Justice denied, rape victims are exacting vengeance online

Women who feel the system has failed them are taking to the internet to name their alleged rapists or attackers, as part of a growing trend of digital vigilantism.

It’s known as “rape shaping” and there are several recent examples in Australia of victims using social media to take justice into their own hands.

Police warn that the practice could derail ongoing investigations and hurt the chances of prosecution, not to mention the potential for defamation proceedings brought by those named.

But those who’ve rape shamed say they have no alternative, few regrets and nothing to lose.

Hagar Cohen has spent months investigating the issue for the ABC Radio National show “Background Briefing” and spoke to some 30 women impacted by rape or sexual assault.

Some had named their alleged attackers and others were planning to, spurred on by the belief that the justice system couldn’t — or wouldn’t — help them, she said.

“The women I spoke to felt a desire to protect other people from their abusers and many felt a sense of guilt that if they didn’t do something, they would let down other people,” Cohen said.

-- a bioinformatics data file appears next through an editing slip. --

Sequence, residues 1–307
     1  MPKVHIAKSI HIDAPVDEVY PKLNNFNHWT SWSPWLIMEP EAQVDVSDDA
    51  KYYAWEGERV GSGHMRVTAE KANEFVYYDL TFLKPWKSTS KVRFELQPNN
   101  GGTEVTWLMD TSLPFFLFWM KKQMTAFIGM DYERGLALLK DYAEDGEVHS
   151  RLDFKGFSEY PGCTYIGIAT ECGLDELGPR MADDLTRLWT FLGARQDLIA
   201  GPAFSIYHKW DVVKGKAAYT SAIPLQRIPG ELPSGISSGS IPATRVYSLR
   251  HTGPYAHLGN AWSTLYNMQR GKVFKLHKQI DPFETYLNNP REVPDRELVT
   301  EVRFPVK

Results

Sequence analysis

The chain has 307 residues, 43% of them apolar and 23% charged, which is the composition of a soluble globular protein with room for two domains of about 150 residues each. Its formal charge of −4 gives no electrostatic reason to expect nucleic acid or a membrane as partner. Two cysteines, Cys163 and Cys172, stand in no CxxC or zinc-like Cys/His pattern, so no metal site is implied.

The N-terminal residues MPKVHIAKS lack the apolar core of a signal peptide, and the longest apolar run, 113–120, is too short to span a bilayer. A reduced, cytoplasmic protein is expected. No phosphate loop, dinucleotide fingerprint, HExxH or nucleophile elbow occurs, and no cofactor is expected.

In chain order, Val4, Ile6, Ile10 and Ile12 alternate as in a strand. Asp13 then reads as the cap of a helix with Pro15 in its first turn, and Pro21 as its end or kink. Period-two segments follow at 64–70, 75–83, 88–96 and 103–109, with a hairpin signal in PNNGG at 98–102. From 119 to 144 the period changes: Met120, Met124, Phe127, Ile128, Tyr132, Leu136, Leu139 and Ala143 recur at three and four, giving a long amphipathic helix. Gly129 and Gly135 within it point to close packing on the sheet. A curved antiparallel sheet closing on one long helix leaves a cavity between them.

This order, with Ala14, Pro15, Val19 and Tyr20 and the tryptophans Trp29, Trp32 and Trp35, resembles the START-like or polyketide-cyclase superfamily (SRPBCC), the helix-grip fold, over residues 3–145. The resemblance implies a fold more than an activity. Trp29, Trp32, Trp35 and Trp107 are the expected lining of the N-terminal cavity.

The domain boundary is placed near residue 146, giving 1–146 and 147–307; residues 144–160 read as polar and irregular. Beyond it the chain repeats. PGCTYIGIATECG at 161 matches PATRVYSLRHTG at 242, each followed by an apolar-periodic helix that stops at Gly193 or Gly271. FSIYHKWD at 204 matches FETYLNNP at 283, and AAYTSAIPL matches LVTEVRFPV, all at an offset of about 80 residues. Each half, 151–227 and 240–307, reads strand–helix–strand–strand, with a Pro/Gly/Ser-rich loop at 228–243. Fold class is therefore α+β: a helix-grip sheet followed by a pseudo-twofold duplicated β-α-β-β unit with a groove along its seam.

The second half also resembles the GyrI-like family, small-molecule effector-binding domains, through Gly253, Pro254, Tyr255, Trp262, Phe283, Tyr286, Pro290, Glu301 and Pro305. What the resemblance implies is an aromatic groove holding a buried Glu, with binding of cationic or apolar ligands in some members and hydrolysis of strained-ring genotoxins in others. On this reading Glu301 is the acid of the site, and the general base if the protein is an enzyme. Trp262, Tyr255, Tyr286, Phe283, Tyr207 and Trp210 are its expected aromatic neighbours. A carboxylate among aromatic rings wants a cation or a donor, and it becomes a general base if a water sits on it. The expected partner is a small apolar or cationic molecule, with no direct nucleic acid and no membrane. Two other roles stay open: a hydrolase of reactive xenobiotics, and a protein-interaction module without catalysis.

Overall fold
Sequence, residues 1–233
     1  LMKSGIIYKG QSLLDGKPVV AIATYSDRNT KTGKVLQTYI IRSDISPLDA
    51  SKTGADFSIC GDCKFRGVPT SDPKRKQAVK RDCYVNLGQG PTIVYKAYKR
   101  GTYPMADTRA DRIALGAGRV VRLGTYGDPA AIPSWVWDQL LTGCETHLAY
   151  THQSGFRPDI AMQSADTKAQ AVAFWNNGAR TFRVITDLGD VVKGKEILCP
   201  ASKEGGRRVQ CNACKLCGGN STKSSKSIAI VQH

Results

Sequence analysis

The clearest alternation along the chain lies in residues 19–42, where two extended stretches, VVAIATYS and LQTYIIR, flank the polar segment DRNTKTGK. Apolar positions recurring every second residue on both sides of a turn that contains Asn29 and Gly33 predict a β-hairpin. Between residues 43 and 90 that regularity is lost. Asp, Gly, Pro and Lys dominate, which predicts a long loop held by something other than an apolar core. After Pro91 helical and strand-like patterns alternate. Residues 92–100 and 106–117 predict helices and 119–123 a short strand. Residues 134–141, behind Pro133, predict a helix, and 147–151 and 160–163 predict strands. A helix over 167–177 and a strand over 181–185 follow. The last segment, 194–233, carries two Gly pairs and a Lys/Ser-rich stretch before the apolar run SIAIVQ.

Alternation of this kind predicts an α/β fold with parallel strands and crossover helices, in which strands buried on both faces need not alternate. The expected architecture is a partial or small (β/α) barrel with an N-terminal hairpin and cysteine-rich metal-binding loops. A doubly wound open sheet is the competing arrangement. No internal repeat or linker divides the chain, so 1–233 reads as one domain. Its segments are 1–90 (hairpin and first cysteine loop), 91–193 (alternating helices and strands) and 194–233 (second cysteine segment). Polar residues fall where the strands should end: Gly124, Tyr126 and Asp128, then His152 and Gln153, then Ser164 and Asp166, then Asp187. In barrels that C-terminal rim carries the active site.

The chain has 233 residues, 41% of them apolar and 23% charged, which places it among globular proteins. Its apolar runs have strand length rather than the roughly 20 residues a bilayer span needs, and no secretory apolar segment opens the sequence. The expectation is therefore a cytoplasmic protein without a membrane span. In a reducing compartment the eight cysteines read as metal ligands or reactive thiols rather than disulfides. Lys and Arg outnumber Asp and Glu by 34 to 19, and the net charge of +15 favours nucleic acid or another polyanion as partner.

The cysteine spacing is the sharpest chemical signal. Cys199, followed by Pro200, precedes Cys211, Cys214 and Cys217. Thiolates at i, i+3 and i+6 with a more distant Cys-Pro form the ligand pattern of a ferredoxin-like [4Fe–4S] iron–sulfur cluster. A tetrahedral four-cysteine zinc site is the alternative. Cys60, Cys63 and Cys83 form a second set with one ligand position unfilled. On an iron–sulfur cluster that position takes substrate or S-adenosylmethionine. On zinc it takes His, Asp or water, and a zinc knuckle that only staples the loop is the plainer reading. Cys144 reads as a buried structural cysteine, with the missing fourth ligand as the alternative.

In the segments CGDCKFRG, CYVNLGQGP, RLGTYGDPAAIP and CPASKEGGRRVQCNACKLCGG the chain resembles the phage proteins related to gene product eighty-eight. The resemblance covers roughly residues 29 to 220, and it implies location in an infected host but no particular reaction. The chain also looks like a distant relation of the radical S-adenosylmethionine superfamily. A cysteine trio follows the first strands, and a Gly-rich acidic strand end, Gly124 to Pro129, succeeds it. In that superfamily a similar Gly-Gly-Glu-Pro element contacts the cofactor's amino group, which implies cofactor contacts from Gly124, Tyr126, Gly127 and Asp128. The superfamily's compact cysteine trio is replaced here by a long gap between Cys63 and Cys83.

One victim who was raped when she was just 15 is preparing to name her attacker online and believes it will bring her some comfort, she said.

From her act of revenge, the man would forever be known as a rapist — an outcome that she felt “wonderful” about.

“She said to me that it would ‘probably be the biggest f–k you’ she could give,” Cohen recalled.

“He had taken so much power from her, she felt powerless, and she thought it would be beneficial to take some back. She said: ‘I just want the whole world to know what a horrible, disgusting person he is.’”

Lauren Ingram is a journalist who in June took to social media to name her alleged rapist, after several failed attempts to have the matter dealt with by authorities over two years.

The first detective told her the man was “just a kid who didn’t know how to have sex yet” and other investigators mishandled evidence, she claimed.

On the day Ingram posted a series of tweets, she hadn’t been planning to identify her alleged attacker until seconds before she did.

“It literally exploded from there,” Cohen said.

Ingram took part in Cohen’s story, who followed her as police interest in the complaint was reignited following the name and shame.

“They called her again and asked her to come in to give a statement,” Cohen said.

“It was the third…

Read the full article from the Source…

Leave a Reply

Your email address will not be published. Required fields are marked *